En route to China I got a comment from a blog reader who actually lives here in Shanghai.
She works at one of the mighty international schools here. I say "mighty" because I'm telling you what, there are some power-house international schools around here! The academics are exceptional and the facilities are beautiful. It turns out that she teaches 2nd grade there and her husband coaches the volleyball team. We got in contact and she invited us to come watch a volleyball game at her school.
Our school isn't quite in the same league with the big international schools. I love it but I will say that when we arrived at that school that night our kids' eyes opened wide in wonder and a little bit of envy. Here's our little walk from parking:
We loved meeting some of the excellent staff there and some of the great students. It was kind of like we were in the Disneyland of schooling. Half way through the game Max looked at us and told us with a smile that we probably shouldn't bring Elle and Grace to that place (they were at girls' camp).
Loved meeting this wonderful woman who has two of the cutest little boys and has taught with her husband in Russia and Saudi Arabia for a few years before here.
The reason I bring all this up (aside from the fact that I love what a small world it is and I was so impressed with this great family and the school), is that although part of me would love for our kids to go to those awesome schools (and they would love it too), it also made me grateful for ours. If we were here for longer we may be more worried about getting that experience for the kids, but for this short period of time we feel like our school is a perfect fit for our kids. It feels somehow like it's giving us a more cultural feel even though the kids are in the English track.
I talked about how we chose the school route rather than the home-school route back HERE.
But I haven't talked much about the school we chose and a lot of people have asked so here's the run-down.
The elementary school is just over the bridge from the middle/high school and has a different principal, but they are all considered the same school.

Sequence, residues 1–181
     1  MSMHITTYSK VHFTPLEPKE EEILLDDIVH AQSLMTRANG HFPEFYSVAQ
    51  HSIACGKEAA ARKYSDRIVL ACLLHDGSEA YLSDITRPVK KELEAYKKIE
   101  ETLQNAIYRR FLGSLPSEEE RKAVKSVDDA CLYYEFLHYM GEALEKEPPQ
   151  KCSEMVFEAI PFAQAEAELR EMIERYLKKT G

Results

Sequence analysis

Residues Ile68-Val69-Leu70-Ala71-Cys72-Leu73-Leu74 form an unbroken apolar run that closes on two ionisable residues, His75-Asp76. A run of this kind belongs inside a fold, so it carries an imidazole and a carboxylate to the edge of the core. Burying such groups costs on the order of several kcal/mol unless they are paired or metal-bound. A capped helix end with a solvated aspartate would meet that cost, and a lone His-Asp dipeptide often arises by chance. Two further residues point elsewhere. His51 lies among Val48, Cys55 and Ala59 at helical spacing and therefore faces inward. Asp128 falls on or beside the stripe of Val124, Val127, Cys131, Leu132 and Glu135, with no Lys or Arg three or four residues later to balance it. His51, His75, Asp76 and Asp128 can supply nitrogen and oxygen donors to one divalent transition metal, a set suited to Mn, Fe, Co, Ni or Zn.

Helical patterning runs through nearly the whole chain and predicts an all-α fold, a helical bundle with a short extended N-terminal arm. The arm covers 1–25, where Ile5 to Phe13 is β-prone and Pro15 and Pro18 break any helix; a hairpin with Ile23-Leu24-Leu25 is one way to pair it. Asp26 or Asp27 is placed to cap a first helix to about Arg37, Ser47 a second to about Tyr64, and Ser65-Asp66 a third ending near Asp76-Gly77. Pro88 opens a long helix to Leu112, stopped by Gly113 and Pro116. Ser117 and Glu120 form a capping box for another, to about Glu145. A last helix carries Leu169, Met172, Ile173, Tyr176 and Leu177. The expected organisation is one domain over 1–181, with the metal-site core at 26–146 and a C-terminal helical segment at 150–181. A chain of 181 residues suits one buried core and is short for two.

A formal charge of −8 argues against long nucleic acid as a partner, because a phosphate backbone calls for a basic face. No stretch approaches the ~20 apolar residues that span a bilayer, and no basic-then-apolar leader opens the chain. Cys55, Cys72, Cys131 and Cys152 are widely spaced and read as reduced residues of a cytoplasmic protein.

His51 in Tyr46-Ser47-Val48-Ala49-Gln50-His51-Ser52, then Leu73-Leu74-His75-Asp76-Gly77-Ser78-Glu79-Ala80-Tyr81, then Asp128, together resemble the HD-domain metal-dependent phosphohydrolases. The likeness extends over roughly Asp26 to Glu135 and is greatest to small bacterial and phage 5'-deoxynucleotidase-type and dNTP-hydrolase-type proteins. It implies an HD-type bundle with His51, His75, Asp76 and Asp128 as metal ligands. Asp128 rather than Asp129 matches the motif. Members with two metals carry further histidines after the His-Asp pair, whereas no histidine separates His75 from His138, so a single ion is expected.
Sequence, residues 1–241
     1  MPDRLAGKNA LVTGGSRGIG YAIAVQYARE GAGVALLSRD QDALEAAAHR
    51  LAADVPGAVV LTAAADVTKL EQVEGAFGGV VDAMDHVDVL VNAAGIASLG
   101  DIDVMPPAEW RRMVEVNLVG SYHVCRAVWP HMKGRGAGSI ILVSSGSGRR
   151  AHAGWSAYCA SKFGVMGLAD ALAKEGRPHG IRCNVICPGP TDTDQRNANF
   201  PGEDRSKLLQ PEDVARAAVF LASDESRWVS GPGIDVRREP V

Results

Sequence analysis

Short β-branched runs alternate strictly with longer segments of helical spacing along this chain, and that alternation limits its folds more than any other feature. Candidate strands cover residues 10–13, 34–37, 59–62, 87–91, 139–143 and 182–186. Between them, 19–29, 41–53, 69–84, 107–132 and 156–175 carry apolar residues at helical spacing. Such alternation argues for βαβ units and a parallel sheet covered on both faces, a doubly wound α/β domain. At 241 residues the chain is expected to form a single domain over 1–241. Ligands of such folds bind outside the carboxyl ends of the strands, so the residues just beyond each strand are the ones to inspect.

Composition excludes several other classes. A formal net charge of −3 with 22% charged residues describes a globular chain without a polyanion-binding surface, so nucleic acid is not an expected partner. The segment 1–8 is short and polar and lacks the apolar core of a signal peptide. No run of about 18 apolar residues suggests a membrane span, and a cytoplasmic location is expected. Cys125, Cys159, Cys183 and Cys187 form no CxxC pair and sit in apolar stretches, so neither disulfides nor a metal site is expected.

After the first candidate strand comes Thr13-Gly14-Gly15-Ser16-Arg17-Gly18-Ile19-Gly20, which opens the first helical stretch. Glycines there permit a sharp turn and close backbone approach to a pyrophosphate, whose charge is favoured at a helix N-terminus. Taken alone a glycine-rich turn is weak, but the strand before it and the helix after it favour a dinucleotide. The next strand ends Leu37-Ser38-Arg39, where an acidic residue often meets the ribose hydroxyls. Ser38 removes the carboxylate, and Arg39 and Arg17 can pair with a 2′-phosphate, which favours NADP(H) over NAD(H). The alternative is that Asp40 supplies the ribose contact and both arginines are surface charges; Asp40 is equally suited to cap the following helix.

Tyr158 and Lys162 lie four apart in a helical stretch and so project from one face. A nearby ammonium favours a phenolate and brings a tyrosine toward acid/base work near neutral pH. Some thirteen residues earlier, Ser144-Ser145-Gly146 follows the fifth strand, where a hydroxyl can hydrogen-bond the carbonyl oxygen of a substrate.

There are approx. 60-80 kids in each grade in the high school (a little contrast to 600-800 back home).
I am really impressed with the teachers. Dave and I went to "Back to School" night the other night. We had to really scramble with a plan of attack because it was at the same time for all students and all grades.
But every teacher we did manage to meet is pretty phenomenal. Max's global citizenship teacher went to Stanford and got a graduate degree from Harvard. Grace's English teacher explains things incredibly well. Claire says her social studies teacher makes things so interesting. So many of them have lived all over the world. It was fascinating to meet them, and we are so grateful for the influence they have on our kids.
We all walk to school together in the morning.
I love to walk behind these girls:
There was one particular day where we had to walk to school in sheets of rain (I talked about that back HERE).
Little did we know at the time how many of those we would get!
These views are pretty typical.
Tracking down school supplies was a little adventure in and of itself.
Tracking down textbooks was a little tricky too. We worked our tails off trying to find used books because those puppies sure add up in cost I tell you! Here is one of the bags of books we were able to buy from a neighbor after sending out a whole slew of emails to people I hoped could understand English from a list the front office gave me.
And here's Elle with a few of hers our sweet neighbor helped us track down:
Yowza, check out the size of that literature book that girl lugs around!
I spent a lot of time here (the main office) trying to figure things out the first couple weeks.
En route to school:
Picking up these two from school...one of my favorite parts of the day.
Sometimes Claire greets me with stuff like this, but always with multiple stories of her daily adventures which usually include her classmates' reactions to her hair-dos she loves to have me do.
Lucy is doing exceptionally well. There's something so wonderful about how her teacher greets me every day with such a great smile and doesn't seem to be worried in the least about some of her more stubborn traits. I love her.
The only thing she's struggling with is Chinese, but that's a story for another day.
For the first couple weeks we pretty much did homework from the time the kids got home from school until late at night. Even Lu has a ton, mostly because we are trying to keep her up on all the things her teacher from the States sent with us to help keep her at grade level. (Love that teacher too and so grateful she sent us with so many supplies.) I say "we" on the homework deal because we are all in this together. I love having the time to be more involved here. I loved helping Max write a big essay a about Adam and Eve's relationship in Genesis and reading social studies with the girls, learning Elle's flashcards with her and practicing Chinese with Lucy. I am learning so many inspiring things. So intrigued right now by Paradise Lost that I don't think I ever really read in high school. I have also loved watching Max be the resident homework helper (math and physics just come to him).
Now things are starting to level out a little bit and we're all starting to get into the swing of things a little bit better.
I still can't get used to seeing this for homework:
Wish I were catching on as fast as they are!